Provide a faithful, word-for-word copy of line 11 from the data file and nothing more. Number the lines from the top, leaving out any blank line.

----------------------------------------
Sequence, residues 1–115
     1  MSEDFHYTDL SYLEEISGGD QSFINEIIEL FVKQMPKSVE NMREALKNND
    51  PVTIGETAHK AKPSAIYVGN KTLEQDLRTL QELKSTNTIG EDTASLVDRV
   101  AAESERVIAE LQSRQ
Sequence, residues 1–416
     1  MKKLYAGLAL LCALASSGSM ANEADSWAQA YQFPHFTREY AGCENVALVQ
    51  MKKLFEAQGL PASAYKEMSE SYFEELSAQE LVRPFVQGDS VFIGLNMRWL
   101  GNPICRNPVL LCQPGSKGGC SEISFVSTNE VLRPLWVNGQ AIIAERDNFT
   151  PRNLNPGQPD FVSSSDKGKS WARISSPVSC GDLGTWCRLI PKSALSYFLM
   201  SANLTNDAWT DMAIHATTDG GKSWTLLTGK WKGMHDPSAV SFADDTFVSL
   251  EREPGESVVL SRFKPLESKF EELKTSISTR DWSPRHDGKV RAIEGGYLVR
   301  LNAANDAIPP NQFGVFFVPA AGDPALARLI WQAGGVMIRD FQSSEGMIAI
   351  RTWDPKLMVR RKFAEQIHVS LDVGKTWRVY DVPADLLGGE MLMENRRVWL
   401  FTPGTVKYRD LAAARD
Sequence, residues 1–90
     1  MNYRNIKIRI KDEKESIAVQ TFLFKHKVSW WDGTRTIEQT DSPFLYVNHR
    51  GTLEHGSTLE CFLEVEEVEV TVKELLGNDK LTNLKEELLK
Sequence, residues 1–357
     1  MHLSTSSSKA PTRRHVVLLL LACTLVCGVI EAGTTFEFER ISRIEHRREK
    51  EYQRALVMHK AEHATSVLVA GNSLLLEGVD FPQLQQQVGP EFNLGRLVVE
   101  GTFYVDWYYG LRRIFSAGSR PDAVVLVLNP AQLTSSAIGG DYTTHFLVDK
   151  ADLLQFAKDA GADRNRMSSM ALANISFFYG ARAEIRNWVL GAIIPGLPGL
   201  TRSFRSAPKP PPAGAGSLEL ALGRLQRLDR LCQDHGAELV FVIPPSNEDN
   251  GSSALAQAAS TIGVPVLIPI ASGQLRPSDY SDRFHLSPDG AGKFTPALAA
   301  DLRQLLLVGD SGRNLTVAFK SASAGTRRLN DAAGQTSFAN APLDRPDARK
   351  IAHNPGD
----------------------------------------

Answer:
   251  EREPGESVVL SRFKPLESKF EELKTSISTR DWSPRHDGKV RAIEGGYLVR